United States District Court, M.D. Pennsylvania
D. Mariani United States District Judge.
Jack Ferranti ("Ferranti"), a inmate currently
confined at the Allenwood Low Security Federal Correctional
Institution ("LSCI-Allenwood"), located in White
Deer, Pennsylvania, initiated this action pursuant to
Bivens, 28 U.S.C. § 1331. (Doc. 1). Named as
Defendants are Bureau of Prisons ("BOP") Director
Thomas Kane, Northeast Regional Director M.D. Carvajal, and
LSCI-Allenwood Warden Kathy Lane. (Id.). In the
complaint, Ferranti alleges that Defendants improperly
categorized his arson offense as greater security and
assigned him a Public Safety Factor ("PSF"), which
precluded him from several liberty interests, including
designation to a lower security institution. (Doc. 1, ¶
15). Ferranti argues that the United States Supreme Court
decision in Johnson v. United States, ___ U.S. ___
135 S.Ct. 2551 (2015), rendered this classification invalid.
(Id. at ¶¶ 16, 30). He further argues that
the classification violates due process, the ex post facto
clause, the equal protection clause, the Fifth Amendment, and
the Fourteenth Amendment. (Id. at ¶¶
32-37). For relief, Ferranti requests that Defendants
"authorize the waiver of the public safety factor, and
reduction of Plaintiff's offense severity level
commensurate to the requirements of the Johnson
ruling." (Doc. 1, p. 13). He also requests modernization
of the BOP classification policies and procedures.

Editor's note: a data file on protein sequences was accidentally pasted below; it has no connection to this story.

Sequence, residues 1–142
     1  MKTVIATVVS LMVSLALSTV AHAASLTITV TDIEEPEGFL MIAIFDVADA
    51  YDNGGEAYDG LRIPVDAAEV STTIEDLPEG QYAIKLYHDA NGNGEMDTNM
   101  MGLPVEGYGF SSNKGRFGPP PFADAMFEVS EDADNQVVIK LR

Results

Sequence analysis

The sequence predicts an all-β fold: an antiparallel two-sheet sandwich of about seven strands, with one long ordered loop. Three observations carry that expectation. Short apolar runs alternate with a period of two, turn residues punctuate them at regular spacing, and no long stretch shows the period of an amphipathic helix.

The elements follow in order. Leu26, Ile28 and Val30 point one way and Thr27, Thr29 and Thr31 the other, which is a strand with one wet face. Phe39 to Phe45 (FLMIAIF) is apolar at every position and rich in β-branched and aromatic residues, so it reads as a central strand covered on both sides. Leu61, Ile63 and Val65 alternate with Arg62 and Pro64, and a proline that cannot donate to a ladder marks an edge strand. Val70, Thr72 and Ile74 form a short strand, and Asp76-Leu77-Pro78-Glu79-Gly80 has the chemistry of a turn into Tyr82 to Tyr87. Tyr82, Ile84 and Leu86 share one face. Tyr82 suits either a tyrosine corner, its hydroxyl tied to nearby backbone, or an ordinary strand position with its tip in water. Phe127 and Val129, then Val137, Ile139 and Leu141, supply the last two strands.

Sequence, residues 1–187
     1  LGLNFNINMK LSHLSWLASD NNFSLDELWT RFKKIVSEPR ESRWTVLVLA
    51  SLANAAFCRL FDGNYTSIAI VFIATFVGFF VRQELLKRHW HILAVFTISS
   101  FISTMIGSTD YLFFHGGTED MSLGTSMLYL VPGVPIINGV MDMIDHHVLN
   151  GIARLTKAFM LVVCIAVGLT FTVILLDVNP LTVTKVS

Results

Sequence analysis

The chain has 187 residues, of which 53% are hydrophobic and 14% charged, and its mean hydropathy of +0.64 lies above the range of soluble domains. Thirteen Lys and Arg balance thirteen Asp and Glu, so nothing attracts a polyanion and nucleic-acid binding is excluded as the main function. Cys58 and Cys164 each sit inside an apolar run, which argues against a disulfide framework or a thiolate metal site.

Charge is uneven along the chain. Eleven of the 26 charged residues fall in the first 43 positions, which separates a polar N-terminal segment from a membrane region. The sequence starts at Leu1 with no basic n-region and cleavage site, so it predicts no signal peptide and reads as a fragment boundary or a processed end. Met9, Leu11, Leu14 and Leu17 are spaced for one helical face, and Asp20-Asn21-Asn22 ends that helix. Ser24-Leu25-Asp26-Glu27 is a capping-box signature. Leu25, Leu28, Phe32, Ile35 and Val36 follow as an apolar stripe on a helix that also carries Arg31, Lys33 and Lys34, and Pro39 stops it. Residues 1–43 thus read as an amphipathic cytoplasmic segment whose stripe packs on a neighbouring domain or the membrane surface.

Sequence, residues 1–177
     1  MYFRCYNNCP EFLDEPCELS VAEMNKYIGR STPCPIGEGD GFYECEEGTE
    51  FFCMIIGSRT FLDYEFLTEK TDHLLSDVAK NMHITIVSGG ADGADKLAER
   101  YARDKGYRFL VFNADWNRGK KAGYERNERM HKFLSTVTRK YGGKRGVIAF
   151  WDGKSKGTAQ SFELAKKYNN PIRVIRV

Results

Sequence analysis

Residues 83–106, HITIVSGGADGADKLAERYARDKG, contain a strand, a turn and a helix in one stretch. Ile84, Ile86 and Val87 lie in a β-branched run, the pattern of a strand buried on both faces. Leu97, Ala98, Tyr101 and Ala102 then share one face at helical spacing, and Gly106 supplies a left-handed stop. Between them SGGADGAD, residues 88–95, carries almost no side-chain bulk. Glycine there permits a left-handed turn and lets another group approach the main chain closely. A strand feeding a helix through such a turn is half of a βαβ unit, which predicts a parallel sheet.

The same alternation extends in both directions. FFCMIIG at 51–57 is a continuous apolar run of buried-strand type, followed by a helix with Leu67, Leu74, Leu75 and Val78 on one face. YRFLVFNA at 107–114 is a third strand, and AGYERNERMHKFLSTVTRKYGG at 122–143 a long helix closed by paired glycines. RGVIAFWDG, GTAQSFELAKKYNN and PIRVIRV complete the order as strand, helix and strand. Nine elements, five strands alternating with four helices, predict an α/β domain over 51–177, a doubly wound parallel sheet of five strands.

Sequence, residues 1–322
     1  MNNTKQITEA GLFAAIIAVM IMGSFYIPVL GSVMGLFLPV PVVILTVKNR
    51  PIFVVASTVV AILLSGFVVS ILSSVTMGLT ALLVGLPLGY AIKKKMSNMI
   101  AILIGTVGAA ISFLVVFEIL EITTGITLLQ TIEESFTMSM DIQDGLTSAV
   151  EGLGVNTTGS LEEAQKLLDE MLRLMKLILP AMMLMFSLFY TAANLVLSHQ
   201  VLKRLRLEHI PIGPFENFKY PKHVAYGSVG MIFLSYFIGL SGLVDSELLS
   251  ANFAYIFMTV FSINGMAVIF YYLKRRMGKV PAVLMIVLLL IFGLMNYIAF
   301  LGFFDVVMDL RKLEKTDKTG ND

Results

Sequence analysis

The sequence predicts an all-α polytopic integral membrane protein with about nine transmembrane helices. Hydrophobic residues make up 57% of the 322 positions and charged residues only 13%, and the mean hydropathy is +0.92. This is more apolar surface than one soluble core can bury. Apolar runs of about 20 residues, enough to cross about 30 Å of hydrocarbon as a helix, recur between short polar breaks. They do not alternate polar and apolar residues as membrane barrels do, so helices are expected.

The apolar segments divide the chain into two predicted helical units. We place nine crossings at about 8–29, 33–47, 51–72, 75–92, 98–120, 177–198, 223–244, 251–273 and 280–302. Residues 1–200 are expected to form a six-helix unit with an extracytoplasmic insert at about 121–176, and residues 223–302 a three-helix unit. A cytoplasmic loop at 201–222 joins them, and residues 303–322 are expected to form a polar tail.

(Id. at p. 14).
pending before the Court is Defendants' motion to dismiss
pursuant to Federal Rule of Civil Procedure 12(b) or, in the
alternative, for summary judgment pursuant to Federal Rule of
Civil Procedure 56. (Doc. 13). The motion is ripe for
disposition and, for the reasons set forth below, the Court
will grant Defendants' motion for summary judgment.
Summary Judgment Standard of Review
party moves to dismiss, but where "matters outside the
pleadings are presented to and not excluded by the court, the
motion must be treated as one for summary judgment under Rule
56." Fed.R.Civ.P. 12(d). Typically, when a court
converts a motion to dismiss into a motion for summary
judgment under Rule 56, notice must be given to all parties
of the court's intent to do so. Id:, Garcia v.
Newtown Twp., 2010 WL 785808, at *3 (E.D. Pa. 2010).
However, if a motion to dismiss has been filed with an
alternative request for summary judgment, the Third Circuit
Court of Appeals has found that the alternative filing is
sufficient to "place the parties on notice that summary
judgment might be entered." Latham v. United
States, 306 Fed.Appx. 716, 718 (3d Cir. 2009) (citing
Hilfirty v. Shipman, 91 F.3d 573, 578-79 (3d Cir.
1996)). Accordingly, the Court will treat Defendants'
filing as a motion for summary judgment.
summary adjudication, the court may dispose of those claims
that do not present a "genuine dispute as to any
material fact." Fed.R.Civ.P. 56(a). "As to
materiality, ... [o]nly disputes over facts that might affect
the outcome of the suit under the governing law will properly
preclude the entry of summary judgment." Anderson v.
Liberty Lobby, Inc., 477 U.S. 242, 248 (1986).
party moving for summary judgment bears the burden of showing
the absence of a genuine issue as to any material fact.
Celotex Corp. v. Catrett, 477 U.S. 317, 323, 106
S.Ct. 2548, 91 L.Ed.2d 265 (1986). Once such a showing has
been made, the non-moving party must offer specific facts